As many reading this may know, Alex Jones is apparently in the process of self-immolating in a child custody battle with his ex-wife, in which his attorney is using the defense that Jones is playing a “character” on his shows and that his public persona does not reflect his true nature.
The argument that Alex Jones’ persona is a fake put-on is incredibly destructive for Jones’ brand, which is based on Jones’ chaotic “realness”.
This comedy sketch by Stephen Colbert, which lampoons Alex Jones’ misfortune takes me back to when I used to hang out several times a week with my then-husband’s friends from the Harvard Lampoon, including Larry O’Donnell and Conan O’Brien. Like my ex-husband, they all landed major TV comedy-writing jobs, straight out of college.
At the time, there was a very powerful comedy writing mafia, in which one HAD to have written for the Harvard Lampoon as an undergraduate to even be considered for a big TV job, like SNL, the David Letterman Show or The Simpsons. The writing staffs of these shows were populated almost exclusively with Lampoon alumni.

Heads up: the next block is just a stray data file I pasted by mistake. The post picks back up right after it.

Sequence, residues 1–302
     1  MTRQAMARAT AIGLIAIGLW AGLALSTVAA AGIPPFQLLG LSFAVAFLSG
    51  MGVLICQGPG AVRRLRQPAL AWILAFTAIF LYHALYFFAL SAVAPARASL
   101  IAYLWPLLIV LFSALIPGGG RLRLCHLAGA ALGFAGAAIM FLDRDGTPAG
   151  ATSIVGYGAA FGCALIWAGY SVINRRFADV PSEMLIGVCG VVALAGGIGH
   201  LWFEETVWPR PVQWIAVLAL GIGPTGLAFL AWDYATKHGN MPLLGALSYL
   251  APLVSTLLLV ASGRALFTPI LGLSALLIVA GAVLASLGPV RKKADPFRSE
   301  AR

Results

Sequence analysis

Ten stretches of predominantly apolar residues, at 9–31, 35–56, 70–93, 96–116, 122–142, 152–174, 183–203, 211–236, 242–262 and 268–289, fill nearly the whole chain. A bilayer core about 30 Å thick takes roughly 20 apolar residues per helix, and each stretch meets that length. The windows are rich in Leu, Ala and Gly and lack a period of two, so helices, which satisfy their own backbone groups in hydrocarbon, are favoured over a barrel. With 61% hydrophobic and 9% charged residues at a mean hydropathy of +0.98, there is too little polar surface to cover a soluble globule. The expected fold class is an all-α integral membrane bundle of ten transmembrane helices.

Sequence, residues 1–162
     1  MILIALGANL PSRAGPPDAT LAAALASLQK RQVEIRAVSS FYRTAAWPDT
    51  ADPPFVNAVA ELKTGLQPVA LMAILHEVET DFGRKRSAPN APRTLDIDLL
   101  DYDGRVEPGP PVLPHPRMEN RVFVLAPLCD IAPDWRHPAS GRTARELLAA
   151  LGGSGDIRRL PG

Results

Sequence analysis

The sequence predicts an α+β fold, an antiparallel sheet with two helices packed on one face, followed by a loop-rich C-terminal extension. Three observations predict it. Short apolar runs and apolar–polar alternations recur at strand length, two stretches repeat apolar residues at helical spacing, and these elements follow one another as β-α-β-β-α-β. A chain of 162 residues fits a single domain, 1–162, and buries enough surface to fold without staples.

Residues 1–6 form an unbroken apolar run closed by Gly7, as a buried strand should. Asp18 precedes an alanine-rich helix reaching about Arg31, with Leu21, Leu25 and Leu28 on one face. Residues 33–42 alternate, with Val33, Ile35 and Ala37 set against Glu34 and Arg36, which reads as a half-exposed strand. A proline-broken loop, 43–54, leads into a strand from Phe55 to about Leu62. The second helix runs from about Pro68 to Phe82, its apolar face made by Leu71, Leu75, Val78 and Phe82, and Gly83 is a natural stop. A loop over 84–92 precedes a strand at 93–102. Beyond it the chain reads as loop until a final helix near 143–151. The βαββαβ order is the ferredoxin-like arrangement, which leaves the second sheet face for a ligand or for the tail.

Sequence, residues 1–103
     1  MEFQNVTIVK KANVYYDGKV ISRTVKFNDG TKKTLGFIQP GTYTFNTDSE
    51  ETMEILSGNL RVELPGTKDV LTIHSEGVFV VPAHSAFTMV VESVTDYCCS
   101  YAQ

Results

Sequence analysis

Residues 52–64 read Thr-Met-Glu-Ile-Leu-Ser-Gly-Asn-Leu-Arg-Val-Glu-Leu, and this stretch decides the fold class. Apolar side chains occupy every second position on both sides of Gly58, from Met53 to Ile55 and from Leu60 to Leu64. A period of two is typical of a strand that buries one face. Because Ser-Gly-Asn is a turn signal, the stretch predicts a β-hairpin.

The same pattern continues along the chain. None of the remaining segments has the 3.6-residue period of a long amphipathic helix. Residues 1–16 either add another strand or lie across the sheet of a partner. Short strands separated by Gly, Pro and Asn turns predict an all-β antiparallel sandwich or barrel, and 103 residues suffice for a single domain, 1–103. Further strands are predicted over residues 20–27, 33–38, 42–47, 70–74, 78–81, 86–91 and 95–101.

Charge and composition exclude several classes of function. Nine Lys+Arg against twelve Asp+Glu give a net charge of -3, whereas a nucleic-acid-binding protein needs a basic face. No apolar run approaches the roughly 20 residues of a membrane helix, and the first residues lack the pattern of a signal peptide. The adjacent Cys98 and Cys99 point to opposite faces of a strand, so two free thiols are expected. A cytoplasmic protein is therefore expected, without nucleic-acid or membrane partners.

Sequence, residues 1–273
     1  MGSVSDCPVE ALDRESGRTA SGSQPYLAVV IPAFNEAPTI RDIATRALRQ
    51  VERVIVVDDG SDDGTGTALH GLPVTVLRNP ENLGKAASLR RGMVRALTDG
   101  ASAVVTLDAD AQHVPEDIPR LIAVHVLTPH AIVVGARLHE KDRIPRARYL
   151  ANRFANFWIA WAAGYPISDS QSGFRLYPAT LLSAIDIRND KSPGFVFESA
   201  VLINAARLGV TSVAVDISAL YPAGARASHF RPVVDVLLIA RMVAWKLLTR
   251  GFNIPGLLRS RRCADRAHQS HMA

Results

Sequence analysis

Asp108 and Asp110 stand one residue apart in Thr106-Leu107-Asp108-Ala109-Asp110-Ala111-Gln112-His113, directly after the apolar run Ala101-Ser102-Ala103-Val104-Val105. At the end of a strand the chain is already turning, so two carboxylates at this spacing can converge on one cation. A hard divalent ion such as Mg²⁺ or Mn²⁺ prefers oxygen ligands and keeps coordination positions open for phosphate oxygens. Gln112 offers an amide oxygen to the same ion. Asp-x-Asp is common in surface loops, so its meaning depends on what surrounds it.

These conditions have since been relaxed somewhat. Seth McFarlane, creator of ‘Family Guy’ was a graduate of the Rhode Island School of Design and he was one of the first to break through this secretive glass ceiling. Likewise, Stephen Colbert who grew up in South Carolina and attended Chicago’s Northwestern University did not fit the profile of this elite group of Harvard comedians who totally dominated late night TV comedy writing.
However, Colbert sure does a bang-up job at nailing the ideology and the style of his Harvard comedy peers. Colbert may as well gone to Harvard (his staff writers probably did). His comedy is EXACTLY that same brand of comedy. It’s all about making fun of the Flyover State “slack-jawed yokel”. It is the oppressive “propaganda comedy”
that I have railed against of late.
These sketches are most effective when executed by members of the shamed demographic, like Stephen Colbert, who successfully strove to rid himself of a Southern accent since early childhood.
I’ve long been an admirer of Colbert’s talent and this sketch is completely brilliant and hilarious – but at the same time, it lambasts people who have questions about vaccine safety and it ridicules other dissenting, non-mainstream views. Rather than being used a tool to speak truth to power, which is the most hallowed application of comedy, Stephen Colbert’s comedy is crafted to scare people into submission.